verb (used with object), im·proved, im·prov·ing.
verb (used without object), im·proved, im·prov·ing.
Origin of improve
Synonyms for improve
Antonyms for improve
Examples from the Web for improving
Contemporary Examples of improving
States were encouraged and allowed to lower standards to make it appear they were improving.The ‘No Child’ Rewrite Threatens Your Kids’ Future
January 3, 2015
Improving an economy is a lot harder with only half the population working.The Women Battling an Islamist Strongman
December 22, 2014
Being reminded that economic and social conditions are not improving at the pace one expected can be a powerful motivator.Dear GOP: Fix the Damn Justice System!
December 7, 2014
The first potential scientific secret to improving your bedroom experience: surround yourself with men.Was 2014 the Year Science Discovered The Female Orgasm?
December 6, 2014
He helped set up an institute in Mexico aimed at improving wheat and corn production.Growth Stocks
The Daily Beast
October 17, 2014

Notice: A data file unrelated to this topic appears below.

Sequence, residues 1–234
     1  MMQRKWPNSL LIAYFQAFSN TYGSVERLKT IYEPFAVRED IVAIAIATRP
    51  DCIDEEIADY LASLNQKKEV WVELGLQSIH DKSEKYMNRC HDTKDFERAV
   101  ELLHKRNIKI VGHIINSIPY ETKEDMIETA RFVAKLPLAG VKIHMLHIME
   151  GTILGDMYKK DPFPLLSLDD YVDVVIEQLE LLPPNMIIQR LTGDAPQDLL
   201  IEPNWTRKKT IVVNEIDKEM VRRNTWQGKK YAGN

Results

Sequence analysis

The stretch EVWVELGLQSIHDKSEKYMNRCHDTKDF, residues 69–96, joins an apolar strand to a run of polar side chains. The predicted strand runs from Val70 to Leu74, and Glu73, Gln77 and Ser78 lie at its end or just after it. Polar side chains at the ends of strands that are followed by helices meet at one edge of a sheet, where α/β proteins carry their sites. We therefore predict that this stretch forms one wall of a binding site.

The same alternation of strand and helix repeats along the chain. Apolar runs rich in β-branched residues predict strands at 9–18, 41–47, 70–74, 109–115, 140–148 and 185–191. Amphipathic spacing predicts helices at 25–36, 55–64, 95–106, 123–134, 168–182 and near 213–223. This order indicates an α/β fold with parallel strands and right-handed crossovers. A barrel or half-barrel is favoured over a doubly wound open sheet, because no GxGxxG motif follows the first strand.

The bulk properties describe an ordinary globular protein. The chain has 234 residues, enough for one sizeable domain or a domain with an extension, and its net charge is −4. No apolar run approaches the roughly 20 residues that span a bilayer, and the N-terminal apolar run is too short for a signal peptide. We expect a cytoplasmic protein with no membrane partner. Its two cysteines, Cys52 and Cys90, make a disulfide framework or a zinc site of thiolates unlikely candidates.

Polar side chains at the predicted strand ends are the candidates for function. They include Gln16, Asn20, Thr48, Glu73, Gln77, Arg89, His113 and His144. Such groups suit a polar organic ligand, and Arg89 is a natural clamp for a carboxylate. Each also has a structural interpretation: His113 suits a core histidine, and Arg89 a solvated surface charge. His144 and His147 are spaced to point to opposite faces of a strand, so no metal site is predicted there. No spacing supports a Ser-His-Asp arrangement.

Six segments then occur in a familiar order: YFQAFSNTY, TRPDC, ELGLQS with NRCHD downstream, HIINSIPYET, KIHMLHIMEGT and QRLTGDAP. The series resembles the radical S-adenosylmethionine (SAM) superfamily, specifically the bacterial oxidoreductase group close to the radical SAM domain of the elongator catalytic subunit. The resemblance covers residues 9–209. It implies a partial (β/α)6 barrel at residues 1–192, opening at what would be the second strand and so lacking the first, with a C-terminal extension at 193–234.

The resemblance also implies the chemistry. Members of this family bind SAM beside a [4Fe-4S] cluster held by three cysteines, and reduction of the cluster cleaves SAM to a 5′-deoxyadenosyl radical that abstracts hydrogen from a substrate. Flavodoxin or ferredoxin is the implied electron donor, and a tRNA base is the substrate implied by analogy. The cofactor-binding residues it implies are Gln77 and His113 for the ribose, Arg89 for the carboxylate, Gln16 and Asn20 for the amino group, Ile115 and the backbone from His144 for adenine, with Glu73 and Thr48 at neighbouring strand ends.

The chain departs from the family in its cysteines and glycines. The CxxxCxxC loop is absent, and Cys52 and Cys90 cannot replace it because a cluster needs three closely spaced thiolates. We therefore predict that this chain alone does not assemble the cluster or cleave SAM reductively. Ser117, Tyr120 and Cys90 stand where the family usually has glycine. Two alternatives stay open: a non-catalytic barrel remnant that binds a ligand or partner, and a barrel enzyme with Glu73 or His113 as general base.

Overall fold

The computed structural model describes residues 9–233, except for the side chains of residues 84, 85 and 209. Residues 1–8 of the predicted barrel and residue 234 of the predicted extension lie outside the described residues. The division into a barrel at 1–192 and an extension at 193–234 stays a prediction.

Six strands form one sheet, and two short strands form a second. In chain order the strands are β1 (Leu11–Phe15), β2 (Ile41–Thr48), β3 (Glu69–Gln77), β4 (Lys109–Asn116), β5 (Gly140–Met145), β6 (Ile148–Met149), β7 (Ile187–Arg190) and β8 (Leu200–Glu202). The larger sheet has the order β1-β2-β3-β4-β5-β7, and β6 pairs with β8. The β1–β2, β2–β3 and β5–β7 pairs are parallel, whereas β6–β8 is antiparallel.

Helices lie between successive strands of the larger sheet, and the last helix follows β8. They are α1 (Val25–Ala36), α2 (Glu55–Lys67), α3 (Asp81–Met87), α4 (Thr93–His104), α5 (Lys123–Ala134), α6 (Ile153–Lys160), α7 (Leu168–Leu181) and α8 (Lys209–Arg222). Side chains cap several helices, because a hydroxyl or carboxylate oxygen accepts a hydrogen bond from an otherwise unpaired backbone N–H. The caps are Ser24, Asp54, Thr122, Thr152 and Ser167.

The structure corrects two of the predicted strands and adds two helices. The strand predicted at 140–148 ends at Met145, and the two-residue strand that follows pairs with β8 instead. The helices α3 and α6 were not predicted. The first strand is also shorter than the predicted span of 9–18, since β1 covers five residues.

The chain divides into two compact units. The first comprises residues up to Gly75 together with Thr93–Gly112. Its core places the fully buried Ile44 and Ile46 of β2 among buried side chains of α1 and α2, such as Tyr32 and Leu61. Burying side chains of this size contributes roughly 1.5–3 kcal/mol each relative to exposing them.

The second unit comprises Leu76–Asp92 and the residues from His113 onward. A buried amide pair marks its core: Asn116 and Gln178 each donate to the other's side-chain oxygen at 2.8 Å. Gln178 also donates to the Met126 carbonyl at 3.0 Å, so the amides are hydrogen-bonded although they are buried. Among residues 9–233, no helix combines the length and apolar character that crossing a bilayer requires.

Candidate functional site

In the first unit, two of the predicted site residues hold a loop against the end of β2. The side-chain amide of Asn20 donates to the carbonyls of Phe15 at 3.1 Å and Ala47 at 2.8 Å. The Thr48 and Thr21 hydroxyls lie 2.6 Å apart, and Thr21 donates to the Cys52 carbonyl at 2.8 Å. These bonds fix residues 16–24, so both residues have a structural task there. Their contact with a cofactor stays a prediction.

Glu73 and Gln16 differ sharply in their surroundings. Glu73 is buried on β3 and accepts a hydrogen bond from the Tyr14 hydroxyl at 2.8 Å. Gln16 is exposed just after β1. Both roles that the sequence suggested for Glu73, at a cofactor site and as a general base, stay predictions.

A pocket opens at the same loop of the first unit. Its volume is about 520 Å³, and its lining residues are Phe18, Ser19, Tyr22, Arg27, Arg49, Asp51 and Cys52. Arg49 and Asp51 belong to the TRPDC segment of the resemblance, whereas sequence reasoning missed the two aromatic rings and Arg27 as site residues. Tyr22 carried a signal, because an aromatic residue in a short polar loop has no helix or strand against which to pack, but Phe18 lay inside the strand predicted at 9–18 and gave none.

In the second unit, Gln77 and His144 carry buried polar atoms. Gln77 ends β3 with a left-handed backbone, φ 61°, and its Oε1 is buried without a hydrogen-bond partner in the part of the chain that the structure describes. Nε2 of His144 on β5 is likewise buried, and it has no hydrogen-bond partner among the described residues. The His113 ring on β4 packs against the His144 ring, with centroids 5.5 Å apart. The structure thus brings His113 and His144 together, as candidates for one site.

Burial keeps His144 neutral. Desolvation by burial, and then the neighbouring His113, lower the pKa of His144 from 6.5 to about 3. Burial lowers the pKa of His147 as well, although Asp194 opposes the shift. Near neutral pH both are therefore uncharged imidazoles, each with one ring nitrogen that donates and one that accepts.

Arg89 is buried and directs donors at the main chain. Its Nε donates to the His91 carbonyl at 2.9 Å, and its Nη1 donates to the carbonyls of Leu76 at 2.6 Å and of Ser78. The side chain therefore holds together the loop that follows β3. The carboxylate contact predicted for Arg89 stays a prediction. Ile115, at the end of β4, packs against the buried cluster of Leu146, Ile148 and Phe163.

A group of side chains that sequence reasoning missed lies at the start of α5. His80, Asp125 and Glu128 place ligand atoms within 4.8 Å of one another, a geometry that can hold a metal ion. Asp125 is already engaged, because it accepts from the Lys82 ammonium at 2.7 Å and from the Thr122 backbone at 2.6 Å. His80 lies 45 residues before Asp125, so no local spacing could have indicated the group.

Historical Examples of improving
He felt vaguely that his reluctance did him credit, and that he was improving.In the Midst of Alarms
In 1859 a movement was made for improving its shores as a public park.The Works of Whittier, Volume IV (of VII)
John Greenleaf Whittier
We're not thwarting Lieutenant Ferry's plan, we're only improving upon it.The Cavalier
George Washington Cable
The ever improving brain will give us an ever broadening creed.The Stark Munro Letters
J. Stark Munro
Reaching Abydos, he set about improving his naval and military position.Hellenica
Word Origin for improve
late 15c., "to use to one's profit, to increase (income)," from Anglo-French emprouwer "to turn to profit" (late 13c.), from Old French en-, causative prefix, + prou "profit," from Latin prode "advantageous" (see proud). Spelling with -v- was rare before 17c. Meaning "to raise to a better quality or condition" first recorded 1610s. Phrase improve the occasion retains the etymological sense. Meaning "to turn land to profit" (by clearing it, erecting buildings, etc.) was in Anglo-French (13c.) and was retained in the American colonies.